You always have to know what you're doing to perfection: it's not a field in which there's any room for error. You need great technical know-how and lengthy experience, but personally I adore challenges. It's important not to rush things though: that could potentially ruin everything.

How do you see the future of eyewear?
That's something the public will decide. Now that the gap between the rich and poor keeps growing people can afford either luxury products or ones that are cheap. Our business is focused on that upper 1% of the population. Our clients have an open mentality, they travel, are informed and spend with great attention to quality.

Is there such a thing as a routine in your line of work?
Definitely not: everyday has different priorities and demands. I also travel a great deal, about 6 to 8 months a year, on business trips concerning marketing, sales or various inaugurations. In addition the creative process is never the same and rarely happens just at the drawing board: it's rather a continuous acitivity.

What are your favorite spots in your city?
The premise is that I'm rarely in London, however I adore Selfridges: it's the classic "place to be" for shopping. I live in Carlton Way, where Zaha Hadid had her office: there are phenomenal buildings and furniture shops all over. And queen Elizabeth is here. I also really enjoy the West End: it has everything you could need.

And abroad?
The newest and most evocative boutiques are in Korea. It's a country, and market, that is rapidly expanding; the younger generations absorb everything, like sponges. China too, obviously. I bet Chengdu will soon become a fashion capital: the shops are fantastic.

How do you choose the designers to work with?
I almost have to fall in love with them, feel there's a good energy. They have to be passionate about the mission of creating products of excellence and brilliant new ideas. They have to be willing to work, have an open mind, be creative, have that extra something and apply lateral thinking.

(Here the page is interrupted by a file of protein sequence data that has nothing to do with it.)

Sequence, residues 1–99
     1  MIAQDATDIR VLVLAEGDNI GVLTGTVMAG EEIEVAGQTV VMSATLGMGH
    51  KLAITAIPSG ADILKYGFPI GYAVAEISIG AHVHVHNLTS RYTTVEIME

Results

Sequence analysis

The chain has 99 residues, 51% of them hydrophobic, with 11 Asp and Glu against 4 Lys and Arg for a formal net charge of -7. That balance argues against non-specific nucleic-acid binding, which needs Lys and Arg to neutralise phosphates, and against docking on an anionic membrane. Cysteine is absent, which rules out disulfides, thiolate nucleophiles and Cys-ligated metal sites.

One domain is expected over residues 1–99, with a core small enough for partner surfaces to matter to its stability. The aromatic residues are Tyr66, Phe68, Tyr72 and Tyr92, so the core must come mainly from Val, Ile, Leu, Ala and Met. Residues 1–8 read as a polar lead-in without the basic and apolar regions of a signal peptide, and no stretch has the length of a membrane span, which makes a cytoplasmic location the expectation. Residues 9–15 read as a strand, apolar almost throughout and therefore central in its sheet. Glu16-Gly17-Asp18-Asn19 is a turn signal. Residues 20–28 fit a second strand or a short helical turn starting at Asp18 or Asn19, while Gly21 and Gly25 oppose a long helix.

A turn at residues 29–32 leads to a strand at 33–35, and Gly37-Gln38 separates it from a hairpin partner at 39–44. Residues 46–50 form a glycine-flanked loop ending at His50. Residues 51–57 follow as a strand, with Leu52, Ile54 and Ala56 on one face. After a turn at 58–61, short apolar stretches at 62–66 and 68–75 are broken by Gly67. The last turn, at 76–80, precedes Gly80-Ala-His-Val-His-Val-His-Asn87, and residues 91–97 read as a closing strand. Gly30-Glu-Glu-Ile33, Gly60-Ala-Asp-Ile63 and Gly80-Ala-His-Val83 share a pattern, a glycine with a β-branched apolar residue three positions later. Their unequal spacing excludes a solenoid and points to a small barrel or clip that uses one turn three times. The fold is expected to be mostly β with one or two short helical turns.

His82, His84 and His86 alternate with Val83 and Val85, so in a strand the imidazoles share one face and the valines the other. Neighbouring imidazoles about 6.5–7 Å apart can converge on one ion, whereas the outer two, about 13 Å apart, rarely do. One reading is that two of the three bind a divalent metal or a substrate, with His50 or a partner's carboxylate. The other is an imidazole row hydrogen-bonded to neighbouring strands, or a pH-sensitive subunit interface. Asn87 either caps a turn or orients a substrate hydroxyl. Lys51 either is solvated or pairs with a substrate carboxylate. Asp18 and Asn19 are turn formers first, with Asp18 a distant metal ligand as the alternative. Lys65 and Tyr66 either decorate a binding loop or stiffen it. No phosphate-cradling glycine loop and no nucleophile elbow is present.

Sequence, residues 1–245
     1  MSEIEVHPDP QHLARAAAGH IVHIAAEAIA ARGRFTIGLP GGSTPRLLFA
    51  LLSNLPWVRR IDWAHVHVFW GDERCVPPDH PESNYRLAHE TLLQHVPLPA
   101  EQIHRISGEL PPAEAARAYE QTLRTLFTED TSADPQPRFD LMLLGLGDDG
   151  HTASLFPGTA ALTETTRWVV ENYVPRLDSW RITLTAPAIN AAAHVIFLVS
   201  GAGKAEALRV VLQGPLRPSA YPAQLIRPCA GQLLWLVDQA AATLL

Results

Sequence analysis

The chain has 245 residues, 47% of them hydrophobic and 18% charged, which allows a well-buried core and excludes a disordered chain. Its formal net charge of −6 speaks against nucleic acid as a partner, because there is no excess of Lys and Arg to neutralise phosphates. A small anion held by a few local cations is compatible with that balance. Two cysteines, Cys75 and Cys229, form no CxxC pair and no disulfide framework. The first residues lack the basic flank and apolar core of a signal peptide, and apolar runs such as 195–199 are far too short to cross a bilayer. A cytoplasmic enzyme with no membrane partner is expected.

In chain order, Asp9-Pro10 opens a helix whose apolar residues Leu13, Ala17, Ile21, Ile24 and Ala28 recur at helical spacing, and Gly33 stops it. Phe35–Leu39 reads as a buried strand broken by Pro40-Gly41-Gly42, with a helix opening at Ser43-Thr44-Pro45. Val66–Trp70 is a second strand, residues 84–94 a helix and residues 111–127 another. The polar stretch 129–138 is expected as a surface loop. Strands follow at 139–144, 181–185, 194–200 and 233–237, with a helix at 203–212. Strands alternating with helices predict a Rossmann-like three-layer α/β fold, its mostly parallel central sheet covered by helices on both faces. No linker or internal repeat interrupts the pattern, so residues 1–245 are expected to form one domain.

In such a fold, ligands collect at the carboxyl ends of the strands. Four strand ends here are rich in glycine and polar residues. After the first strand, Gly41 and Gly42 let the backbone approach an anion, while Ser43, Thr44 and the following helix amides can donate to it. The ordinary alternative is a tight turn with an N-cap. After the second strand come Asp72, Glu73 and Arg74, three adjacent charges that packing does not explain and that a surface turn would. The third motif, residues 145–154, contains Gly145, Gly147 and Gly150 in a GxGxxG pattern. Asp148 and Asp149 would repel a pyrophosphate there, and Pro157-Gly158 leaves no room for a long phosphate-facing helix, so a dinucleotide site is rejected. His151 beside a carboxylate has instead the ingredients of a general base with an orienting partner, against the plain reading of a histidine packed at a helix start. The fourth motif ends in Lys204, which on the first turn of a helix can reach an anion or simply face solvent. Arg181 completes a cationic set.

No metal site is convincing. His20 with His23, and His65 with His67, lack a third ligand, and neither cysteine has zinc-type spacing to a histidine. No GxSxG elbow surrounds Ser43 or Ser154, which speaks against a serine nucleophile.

You work in the family business: pros and cons?
Linda Farrow was entrusted to me, it's true, but I never felt any sort of pressure from my parents. I work in conjunction with my brother, who's in charge of the operational part of the business: we're completely different but complementary. When you work in the family business it's easier to openly communicate your ideas. Sometimes even with too much emphasis – we're very passionate – but that motivates us to always give it our all.

And your mother?
She took a step back. In the past I've asked her for advice, but she replied: "It's your vision that matters". She has always been very humble: what she wanted was our happiness and to give our ideas space to develop .

What are your main sources of inspiration?
Many, very many... At the moment I'm obsessed by design furniture. We're opening a new retail store and I'm immersed in the world of interior decoration and furnishing: I love it.

Your favorite outfit?
I love Dries Van Noten and I also like Tim Coppins. 

Is there a model of sunglasses you love more than others?
It's hard to single just one out, but the 479 is among my favorites of all time.

Interview by Marzia Nicolini